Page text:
In a federal suit filed last Friday in New Orleans, August Walter claims one of his BP bosses manipulated data on shoreline cleanup and didn’t give the Coast Guard “the true status” of what substances needed to be cleaned.
Walter, a Covington, La., resident who helped develop BP’s cleanup plans in Mississippi after the 2010 spill began, claims in the suit that he was fired last month in retaliation for complaining that BP wasn’t following environmental regulations and was “picking and choosing what oil to pick up.”
Walter also claims he refused to misrepresent data so that the Coast Guard would believe cleanup activities in Mississippi were closer to completion.
“This was all based on money and had nothing to do with actually cleaning up the oil or meeting the (Shoreline Treatment Recommendations) or environmental requirements,” the suit alleges.
BP spokesman Tom Mueller said the company doesn’t believe Walter’s allegations have merit but will investigate “consistent with our personnel policies and code of conduct.”
“We believe we have demonstrated good faith in meeting our obligations in the Gulf and are committed to treating our employees fairly,” Mueller said in a statement.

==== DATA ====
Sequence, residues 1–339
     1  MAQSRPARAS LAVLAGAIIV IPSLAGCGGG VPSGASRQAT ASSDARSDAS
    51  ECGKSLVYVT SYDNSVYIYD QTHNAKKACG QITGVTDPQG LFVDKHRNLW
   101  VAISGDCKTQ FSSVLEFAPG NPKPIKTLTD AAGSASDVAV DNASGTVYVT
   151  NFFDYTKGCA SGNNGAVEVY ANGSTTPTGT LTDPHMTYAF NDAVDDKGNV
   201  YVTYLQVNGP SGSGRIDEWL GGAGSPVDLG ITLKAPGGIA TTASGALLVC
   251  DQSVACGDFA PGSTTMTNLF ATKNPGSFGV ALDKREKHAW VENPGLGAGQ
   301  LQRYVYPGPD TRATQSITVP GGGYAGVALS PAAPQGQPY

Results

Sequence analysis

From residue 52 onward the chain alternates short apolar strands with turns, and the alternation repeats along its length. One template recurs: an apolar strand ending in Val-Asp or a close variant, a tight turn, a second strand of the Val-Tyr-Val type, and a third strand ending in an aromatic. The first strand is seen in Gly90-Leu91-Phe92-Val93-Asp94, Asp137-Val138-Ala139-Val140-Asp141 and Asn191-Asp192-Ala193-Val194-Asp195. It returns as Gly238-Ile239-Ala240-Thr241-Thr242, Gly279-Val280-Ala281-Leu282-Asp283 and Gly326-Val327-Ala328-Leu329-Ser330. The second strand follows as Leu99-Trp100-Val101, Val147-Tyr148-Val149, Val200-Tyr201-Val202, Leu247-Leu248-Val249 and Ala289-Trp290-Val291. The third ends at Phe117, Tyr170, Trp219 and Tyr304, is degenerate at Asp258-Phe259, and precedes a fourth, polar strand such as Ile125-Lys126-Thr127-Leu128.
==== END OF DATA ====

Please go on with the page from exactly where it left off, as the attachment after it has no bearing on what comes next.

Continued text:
BP said in November that it had spent $13.6 billion on the response, including its efforts to clean up 635 miles of Gulf Coast shoreline affected by the spill. By then, more than 90 percent of the affected area had “met the agreed upon standards” for transitioning from the cleanup phase to coastal restoration, BP said.
Walter’s lawsuit claims BP took “short cuts,” with one BP official allegedly saying BP only would clean up tar balls and not smaller oil debris.
The allegations in Walter’s suit are limited to BP’s cleanup in Mississippi. The company implemented similar plans in Louisiana, Alabama and Florida after an April 20, 2010, blowout in BP’s Macondo well triggered a deadly explosion on the Deepwater Horizon drilling rig and led to the worst offshore oil spill in the nation’s history.
Walter started working for BP in May 2011 as a “state planning lead” on Mississippi cleanup. The suit, which alleges violations of the Louisiana Environmental Whistleblower Statute, seeks unspecified monetary damages, including three years of lost wages.
“He wasn’t the lead man on the project, but he had three people working under him,” said Walter’s attorney, James Arruebarrena.
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